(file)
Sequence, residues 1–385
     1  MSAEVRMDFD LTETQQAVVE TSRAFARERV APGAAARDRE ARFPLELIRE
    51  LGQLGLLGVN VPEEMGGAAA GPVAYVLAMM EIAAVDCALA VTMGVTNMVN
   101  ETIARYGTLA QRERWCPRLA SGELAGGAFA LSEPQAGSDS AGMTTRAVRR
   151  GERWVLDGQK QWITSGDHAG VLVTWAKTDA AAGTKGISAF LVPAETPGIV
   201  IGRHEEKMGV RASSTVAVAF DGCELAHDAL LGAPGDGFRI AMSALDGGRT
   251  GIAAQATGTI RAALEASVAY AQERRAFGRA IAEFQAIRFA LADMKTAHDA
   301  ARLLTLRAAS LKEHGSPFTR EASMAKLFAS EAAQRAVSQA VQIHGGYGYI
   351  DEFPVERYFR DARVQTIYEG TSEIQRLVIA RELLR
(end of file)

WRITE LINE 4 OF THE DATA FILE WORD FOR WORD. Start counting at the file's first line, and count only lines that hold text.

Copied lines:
   101  ETIARYGTLA QRERWCPRLA SGELAGGAFA LSEPQAGSDS AGMTTRAVRR